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The Way of the Dinosaur

"Going the way of the dinosaur" is a popular phrase, but one drawn from bizarre 20th century ideas that dinosaurs were due for an extinction

Tyrannosaurus faces off against Triceratops at the Natural History Museum of Los Angeles. Some early 20th century paleontologists thought the size and weapons of these creatures indicated that dinosaurs were degenerates due for extinction. Photo by the author.

I hate the phrase “going the way of the dinosaur.” I cringe almost every time I see it. Political and business journalists are the worst offenders. When a politician begins to lose favor or a company is outmoded, such writers often draw a parallel between their subjects and the classic image of dinosaurs as stupid, swamp-dwelling brutes who ultimately lose life’s race to the quicker, smarter mammals. This metaphor has been around for a century, at least, and has its roots in a time when dinosaurs were thought to be creatures that became so big and fierce that they could no longer survive.

As music composer Deems Taylor explained before the prehistoric segment of 1940′s Fantasia, dinosaurs were once seen as “little crawling horrors,” “100 ton nightmares”, “bullies” and “gangsters.” Dinosaurs had come to rule the world through strength alone and evolution ultimately left them behind as imperfect monsters. The mystery wasn’t why dinosaurs died off, paleontologists believed, but how they had managed to dominate the planet for so long.

Some paleontologists believed that dinosaurs simply walked off the evolutionary stage when their time had run out. This was an extension of a weird idea known as “racial senescence”–a discarded idea that flourished during a time when paleontologists disagreed about the causes of evolution and extinction.

Even though Charles Darwin had beautifully articulated the idea of evolution by means of natural selection in 1859, and many naturalists subsequently agreed that evolution was a real phenomenon, natural selection was  frequently criticized. Some scientists were disgusted by the violence that seemed inherent in natural selection–the emphasis on competition for survival–and, alternatively, others argued that a gradual, stepwise process was not powerful enough to affect major change. As historian Peter Bowler has documented in books such as The Eclipse of Darwinism and The Non-Darwinian Revolution, late 19th and early 20th century naturalists often turned to alternative evolutionary mechanisms to explain fluctuations in form through time –bizarre, difficult-to-define forces that somehow dwelt inside organisms and drove the creation of new forms.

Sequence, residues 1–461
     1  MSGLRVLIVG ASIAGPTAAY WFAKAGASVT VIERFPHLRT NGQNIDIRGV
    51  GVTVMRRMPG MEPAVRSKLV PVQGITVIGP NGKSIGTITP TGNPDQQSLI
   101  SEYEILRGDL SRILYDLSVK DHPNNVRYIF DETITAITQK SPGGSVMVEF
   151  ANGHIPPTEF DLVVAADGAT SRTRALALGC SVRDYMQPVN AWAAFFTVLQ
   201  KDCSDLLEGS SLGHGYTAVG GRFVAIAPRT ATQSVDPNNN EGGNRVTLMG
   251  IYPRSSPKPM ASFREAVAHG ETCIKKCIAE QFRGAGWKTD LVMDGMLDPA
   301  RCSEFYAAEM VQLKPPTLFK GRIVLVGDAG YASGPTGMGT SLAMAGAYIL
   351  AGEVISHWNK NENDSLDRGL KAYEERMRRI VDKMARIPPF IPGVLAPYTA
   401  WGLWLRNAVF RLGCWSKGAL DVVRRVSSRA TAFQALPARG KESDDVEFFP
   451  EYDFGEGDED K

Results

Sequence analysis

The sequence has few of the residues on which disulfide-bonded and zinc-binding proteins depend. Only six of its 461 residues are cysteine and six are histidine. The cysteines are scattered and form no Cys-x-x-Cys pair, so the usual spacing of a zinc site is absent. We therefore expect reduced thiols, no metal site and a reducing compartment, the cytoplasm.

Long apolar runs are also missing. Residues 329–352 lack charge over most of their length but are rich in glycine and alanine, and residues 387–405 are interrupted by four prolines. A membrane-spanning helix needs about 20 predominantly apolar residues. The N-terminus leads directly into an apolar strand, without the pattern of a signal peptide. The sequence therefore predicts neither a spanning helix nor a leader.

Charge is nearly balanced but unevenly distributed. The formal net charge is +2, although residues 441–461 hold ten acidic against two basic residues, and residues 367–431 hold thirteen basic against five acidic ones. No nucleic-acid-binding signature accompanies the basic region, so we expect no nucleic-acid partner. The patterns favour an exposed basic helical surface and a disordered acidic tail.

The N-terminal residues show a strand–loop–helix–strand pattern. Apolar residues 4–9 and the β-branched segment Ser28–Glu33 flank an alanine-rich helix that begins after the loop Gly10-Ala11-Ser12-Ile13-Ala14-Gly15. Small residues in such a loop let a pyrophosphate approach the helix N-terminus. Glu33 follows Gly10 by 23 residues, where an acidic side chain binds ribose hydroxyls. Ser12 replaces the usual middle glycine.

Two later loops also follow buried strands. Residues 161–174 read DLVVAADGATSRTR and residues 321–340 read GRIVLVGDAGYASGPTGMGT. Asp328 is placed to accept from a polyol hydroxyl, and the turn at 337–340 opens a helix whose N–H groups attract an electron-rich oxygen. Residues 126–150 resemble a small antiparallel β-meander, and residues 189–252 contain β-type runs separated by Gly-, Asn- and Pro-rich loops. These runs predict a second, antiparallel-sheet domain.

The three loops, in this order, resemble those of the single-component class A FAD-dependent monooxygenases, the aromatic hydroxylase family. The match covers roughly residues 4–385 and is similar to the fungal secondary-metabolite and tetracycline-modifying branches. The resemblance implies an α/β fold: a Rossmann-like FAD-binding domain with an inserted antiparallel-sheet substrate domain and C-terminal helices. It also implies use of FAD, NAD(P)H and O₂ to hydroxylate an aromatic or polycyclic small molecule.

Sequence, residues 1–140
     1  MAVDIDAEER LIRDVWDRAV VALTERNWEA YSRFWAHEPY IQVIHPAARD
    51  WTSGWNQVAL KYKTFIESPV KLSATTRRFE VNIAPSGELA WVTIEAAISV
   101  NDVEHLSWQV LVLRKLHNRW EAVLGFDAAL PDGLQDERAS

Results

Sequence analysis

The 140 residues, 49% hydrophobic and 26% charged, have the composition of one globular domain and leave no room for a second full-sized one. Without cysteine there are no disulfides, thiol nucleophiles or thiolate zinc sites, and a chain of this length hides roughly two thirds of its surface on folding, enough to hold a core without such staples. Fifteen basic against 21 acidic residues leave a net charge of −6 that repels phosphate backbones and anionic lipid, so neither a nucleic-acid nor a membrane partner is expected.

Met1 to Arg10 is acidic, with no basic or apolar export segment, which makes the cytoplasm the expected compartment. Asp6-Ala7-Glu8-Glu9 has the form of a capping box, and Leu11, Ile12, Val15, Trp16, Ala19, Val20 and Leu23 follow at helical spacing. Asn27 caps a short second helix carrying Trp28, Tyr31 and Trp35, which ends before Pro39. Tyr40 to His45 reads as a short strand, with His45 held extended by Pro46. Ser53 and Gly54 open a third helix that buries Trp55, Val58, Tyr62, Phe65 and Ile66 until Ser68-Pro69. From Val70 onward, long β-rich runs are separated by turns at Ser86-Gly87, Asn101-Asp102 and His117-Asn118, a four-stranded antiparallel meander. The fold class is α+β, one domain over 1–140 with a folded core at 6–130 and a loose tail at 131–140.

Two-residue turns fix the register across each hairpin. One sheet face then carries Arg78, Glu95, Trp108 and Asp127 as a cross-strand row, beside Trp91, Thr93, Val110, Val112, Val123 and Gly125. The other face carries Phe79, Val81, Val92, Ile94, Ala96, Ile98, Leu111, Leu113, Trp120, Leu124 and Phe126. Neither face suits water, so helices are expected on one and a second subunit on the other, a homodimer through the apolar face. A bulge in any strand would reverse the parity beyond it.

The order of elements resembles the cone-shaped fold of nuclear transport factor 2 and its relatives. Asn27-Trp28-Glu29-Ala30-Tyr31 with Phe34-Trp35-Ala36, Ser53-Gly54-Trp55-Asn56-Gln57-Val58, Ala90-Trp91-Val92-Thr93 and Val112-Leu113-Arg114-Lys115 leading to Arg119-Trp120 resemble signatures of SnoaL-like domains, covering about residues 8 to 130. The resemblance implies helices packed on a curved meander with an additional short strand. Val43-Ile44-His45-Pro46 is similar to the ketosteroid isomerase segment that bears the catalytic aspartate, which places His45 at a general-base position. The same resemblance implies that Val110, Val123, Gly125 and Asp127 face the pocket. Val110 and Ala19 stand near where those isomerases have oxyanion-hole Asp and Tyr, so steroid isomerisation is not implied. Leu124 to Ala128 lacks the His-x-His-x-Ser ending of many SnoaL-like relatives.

Racial senescence was one of these ideas. Paleontologist Richard Swann Lull explained the concept in his 1917 textbook Organic Evolution. Just as an individual creature was born, grew up, declined in health and expired, species also went through a similar pattern of birth, growth and decline. In fact, naturalists believed that there were tell-tale signs that a lineage was at death’s door. Following an outline by colleague Arthur Smith Woodward, Lull identified signs of “racial senescence” as a relative increase in size, a tendency for organisms to grow spectacular spikes and spines (old lineages no longer had the ability to control the wild growth of their skeletons, in his view) and a general pattern of “degeneracy”, such as the loss of teeth and other prominent characteristics.

Lull cited dinosaurs as examples of some of these trends. The immense Jurassic sauropods “Brontosaurus” and Brachiosaurus seemed perfect examples of increased size preceding extinction, as both were then believed to be among the last of their kind. (The wealth of fantastic Cretaceous sauropods we now know had not yet been uncovered.) Likewise, Tyrannosaurus–among the largest terrestrial carnivores of all time–lived at the terminal point of dinosaur history.